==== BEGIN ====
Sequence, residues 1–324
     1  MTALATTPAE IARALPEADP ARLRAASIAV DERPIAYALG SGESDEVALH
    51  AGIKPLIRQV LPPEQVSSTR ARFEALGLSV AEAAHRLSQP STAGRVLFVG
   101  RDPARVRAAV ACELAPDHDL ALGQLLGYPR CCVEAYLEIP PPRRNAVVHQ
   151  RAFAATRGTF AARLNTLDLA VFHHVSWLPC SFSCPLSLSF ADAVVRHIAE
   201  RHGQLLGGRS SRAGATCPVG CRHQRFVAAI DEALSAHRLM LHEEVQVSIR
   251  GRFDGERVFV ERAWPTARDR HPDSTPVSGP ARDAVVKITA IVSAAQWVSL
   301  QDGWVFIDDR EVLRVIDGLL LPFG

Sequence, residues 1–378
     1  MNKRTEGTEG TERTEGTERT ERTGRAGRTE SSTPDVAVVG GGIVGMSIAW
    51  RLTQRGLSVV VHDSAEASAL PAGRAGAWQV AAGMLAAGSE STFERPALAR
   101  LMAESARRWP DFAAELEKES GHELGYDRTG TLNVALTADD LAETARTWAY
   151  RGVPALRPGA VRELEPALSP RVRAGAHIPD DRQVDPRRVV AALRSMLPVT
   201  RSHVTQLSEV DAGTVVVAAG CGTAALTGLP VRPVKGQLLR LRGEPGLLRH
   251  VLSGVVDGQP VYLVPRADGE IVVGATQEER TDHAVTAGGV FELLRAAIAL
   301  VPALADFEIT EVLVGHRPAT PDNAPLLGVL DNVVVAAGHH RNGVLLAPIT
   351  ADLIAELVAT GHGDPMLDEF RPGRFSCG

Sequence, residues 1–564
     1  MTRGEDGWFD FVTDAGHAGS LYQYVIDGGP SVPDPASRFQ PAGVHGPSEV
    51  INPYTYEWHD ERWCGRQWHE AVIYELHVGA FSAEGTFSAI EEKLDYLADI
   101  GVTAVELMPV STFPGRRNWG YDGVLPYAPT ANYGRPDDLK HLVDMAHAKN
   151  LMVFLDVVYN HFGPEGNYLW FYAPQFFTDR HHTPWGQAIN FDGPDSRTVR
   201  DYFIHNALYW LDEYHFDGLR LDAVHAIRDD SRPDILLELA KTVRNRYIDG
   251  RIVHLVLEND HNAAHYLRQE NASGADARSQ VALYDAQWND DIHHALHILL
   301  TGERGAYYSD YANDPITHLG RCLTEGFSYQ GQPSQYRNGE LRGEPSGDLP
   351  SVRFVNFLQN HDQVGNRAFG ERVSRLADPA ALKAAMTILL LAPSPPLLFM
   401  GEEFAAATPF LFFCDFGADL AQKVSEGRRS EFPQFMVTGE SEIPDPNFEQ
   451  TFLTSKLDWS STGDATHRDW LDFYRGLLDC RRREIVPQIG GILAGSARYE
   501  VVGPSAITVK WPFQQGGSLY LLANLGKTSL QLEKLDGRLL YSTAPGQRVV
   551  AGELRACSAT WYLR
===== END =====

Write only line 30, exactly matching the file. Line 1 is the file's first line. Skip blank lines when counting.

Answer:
   551  AGELRACSAT WYLR